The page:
Violinist and mandolin player Jason Anick‘s second CD as a leader, Tipping Point (buy it from Amazon MP3), is out this week. It’s a consistently intriguing blend of gypsy jazz and hard bop, with dashes of folk and bluegrass thrown in—particularly when he puts down the violin and picks up the mandolin. The disc’s 11 tracks include five Anick originals, and interpretations of six pieces from across the spectrum of jazz: Django Reinhardt‘s “Minor Blues,” Horace Silver‘s “Peace,” the standards “My One and Only Love” and “The Night Has a Thousand Eyes,” Hank Mobley‘s “This I Dig of You,” and Ornette Coleman‘s “Turnaround.” He’s joined by three different bands, with drummer Mike Connors the only constant. Jason Yeager or Matt DeChamplain are on piano for 10 of the 11 pieces; Greg Loughman and Adam Cote alternate on bass; Clay Lyons plays alto saxophone on five tracks, while Kris Jensen plays tenor only on “Turnaround.” That piece also marks the only appearance of electric guitarist Lee Dynes.
The disc’s first three compositions are all Anick originals, and though they shift gears, rising up and down (“Maryandra,” in particular, winds down with a lovely slow passage after some fleet playing from all involved), they’ve got energy to burn. The opening track, “Stomped Out,” is built around an extremely fast violin line that recalls Jerry Goodman‘s work with Mahavishnu Orchestra. He zings and ricochets around, as Yeager, Loughman and Connors hammer home the chord changes behind him—and behind saxophonist Lyons, whose playing is more grounded and bluesy than the leader’s. Connors is crucial to sustaining the feel of the music on Tipping Point; a drummer with a lighter touch would allow everything to risk flying apart, but he’s a hard hitter with a heavy stroke who provides swing and gravity throughout. “Minor Blues” offers the album’s only real lull, living up to its title; though the melody is tight and Connors smacks his drums with the brushes like a cruel parent, Anick’s inventiveness is let down by DeChamplain, whose solo is a collection of licks and quotations pulled from the bag labeled “Crowd Pleasers.” The version of Horace Silver‘s “Peace” that follows perks the ear up again, beginning with a stateliness that’s quickly jettisoned in favor of near-hillbilly swing.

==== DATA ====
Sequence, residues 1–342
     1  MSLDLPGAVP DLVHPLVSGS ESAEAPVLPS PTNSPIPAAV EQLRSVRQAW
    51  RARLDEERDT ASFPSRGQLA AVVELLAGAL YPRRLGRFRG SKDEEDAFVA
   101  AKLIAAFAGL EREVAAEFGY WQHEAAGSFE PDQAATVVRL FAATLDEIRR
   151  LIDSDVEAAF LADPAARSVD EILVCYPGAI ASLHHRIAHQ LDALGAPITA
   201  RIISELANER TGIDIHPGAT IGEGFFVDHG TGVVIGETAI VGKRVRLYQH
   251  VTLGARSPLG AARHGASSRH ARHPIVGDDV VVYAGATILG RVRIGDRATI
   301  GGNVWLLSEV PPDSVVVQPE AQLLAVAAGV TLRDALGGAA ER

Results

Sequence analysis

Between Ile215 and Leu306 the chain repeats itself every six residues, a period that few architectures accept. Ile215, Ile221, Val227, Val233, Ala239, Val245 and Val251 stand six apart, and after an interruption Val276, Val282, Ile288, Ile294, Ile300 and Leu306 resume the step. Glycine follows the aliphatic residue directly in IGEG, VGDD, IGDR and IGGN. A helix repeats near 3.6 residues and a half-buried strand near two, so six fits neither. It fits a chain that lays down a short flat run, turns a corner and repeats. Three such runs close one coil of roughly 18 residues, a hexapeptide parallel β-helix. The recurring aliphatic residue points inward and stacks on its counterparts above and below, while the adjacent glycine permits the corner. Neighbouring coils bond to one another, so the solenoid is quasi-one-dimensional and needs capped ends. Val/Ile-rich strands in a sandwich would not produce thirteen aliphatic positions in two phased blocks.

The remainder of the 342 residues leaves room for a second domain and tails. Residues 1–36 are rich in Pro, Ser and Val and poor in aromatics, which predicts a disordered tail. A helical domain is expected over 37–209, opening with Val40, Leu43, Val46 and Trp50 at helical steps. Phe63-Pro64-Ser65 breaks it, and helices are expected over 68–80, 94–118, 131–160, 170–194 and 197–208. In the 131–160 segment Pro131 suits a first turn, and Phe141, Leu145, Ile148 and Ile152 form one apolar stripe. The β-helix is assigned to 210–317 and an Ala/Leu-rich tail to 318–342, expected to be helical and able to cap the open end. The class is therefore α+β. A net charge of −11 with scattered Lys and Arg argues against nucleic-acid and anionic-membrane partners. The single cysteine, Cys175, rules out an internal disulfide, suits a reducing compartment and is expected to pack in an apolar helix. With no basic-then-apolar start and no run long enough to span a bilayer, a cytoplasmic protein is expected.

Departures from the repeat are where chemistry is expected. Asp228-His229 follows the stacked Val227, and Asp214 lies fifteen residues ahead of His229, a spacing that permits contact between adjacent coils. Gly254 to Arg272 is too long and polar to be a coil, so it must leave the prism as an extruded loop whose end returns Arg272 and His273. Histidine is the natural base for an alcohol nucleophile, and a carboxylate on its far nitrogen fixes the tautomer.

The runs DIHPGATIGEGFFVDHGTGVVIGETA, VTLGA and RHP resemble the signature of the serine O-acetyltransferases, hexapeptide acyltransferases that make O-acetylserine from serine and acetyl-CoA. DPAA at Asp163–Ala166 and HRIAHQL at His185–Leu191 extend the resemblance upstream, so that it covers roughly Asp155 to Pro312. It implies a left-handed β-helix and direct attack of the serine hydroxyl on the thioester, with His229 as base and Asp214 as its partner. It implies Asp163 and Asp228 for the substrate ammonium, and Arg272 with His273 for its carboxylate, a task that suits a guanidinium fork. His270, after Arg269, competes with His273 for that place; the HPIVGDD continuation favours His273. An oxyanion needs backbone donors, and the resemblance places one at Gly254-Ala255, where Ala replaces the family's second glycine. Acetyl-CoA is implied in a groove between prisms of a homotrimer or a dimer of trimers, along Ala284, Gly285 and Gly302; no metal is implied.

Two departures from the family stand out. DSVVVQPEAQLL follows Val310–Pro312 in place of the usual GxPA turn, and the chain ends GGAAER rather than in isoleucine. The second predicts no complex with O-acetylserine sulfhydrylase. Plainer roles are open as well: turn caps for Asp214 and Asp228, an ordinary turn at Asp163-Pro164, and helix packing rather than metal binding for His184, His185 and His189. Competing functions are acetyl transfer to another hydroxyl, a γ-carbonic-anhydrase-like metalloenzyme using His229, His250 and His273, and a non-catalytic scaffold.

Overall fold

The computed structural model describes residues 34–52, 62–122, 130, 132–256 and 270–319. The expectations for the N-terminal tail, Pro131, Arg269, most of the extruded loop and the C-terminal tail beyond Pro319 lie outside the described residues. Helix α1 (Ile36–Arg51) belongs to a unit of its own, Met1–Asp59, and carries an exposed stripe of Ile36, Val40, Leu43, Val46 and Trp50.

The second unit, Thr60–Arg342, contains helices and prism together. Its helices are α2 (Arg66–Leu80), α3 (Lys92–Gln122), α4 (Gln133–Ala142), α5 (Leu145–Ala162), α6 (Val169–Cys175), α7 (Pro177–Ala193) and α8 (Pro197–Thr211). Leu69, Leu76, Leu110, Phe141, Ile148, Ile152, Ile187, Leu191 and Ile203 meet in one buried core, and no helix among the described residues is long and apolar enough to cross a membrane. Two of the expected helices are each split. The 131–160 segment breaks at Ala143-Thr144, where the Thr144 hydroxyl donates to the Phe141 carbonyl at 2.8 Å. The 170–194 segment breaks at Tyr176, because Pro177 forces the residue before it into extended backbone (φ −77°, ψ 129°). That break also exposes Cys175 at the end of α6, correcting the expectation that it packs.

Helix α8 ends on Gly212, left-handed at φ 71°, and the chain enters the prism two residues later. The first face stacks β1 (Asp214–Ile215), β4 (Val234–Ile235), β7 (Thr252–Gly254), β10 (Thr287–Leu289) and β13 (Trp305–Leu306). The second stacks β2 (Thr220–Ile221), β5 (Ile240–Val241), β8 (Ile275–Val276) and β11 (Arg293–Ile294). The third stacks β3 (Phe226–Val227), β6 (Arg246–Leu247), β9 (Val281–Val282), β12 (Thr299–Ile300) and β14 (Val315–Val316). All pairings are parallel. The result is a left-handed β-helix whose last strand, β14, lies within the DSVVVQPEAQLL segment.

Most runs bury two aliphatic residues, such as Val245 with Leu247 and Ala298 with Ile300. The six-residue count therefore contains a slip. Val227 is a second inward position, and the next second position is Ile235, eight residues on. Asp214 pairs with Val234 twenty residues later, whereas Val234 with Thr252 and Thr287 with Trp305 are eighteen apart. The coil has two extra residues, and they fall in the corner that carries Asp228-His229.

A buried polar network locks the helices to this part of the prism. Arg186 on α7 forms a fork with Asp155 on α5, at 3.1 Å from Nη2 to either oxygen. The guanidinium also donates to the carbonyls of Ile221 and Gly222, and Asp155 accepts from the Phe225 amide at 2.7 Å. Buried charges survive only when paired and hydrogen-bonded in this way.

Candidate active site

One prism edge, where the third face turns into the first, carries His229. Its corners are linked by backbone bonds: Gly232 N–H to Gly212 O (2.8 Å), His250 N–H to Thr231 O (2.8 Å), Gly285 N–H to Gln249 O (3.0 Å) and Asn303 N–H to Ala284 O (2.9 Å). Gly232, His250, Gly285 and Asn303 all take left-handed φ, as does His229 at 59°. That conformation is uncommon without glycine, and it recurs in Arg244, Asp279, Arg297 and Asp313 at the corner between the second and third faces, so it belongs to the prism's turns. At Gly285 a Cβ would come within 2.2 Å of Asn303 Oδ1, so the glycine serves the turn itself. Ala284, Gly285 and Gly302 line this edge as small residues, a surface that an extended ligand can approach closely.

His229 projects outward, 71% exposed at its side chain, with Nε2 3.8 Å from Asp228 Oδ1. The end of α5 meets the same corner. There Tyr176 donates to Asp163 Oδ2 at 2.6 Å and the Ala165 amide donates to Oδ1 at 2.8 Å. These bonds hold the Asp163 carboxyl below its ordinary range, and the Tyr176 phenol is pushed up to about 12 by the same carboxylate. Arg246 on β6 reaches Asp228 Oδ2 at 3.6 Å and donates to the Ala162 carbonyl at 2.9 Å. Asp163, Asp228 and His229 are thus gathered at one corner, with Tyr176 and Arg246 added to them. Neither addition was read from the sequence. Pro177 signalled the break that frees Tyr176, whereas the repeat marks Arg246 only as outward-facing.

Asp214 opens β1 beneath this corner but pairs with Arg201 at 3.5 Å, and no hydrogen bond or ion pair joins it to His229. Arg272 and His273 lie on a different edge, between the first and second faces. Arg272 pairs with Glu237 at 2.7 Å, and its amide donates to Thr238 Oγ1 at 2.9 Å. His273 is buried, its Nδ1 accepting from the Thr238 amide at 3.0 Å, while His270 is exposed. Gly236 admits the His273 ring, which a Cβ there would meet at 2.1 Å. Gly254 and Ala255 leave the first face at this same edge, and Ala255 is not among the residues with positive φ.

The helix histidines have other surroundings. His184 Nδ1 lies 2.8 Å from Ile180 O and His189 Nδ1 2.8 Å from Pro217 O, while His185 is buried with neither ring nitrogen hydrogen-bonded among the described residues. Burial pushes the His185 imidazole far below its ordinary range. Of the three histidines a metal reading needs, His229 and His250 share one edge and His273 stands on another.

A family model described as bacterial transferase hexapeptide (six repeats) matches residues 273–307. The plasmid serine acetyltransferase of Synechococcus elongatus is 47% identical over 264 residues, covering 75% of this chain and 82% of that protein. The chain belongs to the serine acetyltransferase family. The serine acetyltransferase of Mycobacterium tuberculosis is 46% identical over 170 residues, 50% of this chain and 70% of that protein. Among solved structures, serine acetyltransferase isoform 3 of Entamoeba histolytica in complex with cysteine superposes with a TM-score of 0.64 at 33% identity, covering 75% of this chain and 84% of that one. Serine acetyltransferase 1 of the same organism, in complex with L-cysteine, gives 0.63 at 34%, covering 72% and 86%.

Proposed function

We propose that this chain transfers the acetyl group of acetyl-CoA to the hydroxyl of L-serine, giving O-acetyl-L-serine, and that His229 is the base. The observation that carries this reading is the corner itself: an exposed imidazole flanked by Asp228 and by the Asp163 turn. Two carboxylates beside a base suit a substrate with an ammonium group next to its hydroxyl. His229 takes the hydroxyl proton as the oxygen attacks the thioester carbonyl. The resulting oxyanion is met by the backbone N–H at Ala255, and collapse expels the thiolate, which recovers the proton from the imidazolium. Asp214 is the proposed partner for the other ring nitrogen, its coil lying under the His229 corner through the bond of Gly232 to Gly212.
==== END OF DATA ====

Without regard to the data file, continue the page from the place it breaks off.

The album’s second half commences with two more Anick originals, “Occupy” and “This One’s for You”; the former has a dramatic intensity, as passages of mandolin are gradually filled in by a surging band; it reminds me of pianist Aaron Parks‘ 2008 album Invisible Cinema in the way it builds and releases, only to begin building all over again. The latter piece provides some compelling interplay early on between Anick’s keening violin and Connors’ thumping kick drum, with Yeager’s piano piling up Donald Fagen-esque chords to keep things from getting too romantic. The group’s take on Hank Mobley‘s “This I Dig of You” is a fun romp, and it leads cleanly into a version of Ornette Coleman‘s “Turnaround” that has more to do with conventional hard bop than the boundary-breaking music of his early Atlantic LPs. “Turnaround” is the most famous tune from Coleman’s pre-Atlantic music—it originally appeared on Tomorrow is the Question!, where he and Don Cherry were backed by bassist Percy Heath and drummer Shelly Manne, and Anick’s version, on which he plays electric mandolin and is joined by guitarist Lee Dynes and tenor saxophonist Kris Jensen, as well as Loughman and Connors, sounds inspired by Wes Montgomery as much as, if not more than, Ornette. It’s got swing and punch, but chordally and melodically it’s a little staid—the free-associative blues that was Coleman’s great contribution to jazz thought and feeling is mostly absent here, shrugged off in favor of simple traded fours and unison heads. It might have been more interesting to hear the group tackle a piece like “Ramblin’,” from Change of the Century. But the album’s final track, “The Night Has a Thousand Eyes,” brings Tipping Point to a fantastic close. The best-known interpretation of this standard is likely John Coltrane‘s, from the 1960 Atlantic album Coltrane’s Sound, but this version is much jumpier and hyped-up than that modal exploration. It really explodes in its final minute, when pianist DeChamplain starts throwing Latin montunos at the listener out of nowhere, as the rhythm section grows ever faster and more antic. Jason Anick‘s music doesn’t strive to be the future, exactly, but neither is it mired in the past, despite the fact that none of the songs he chooses to interpret are less than 50 years old. By combining sounds and styles that may not be related, but that have clear affinities with each other, he creates a music all his own and one well worth a listen.
Watch a short video about the album: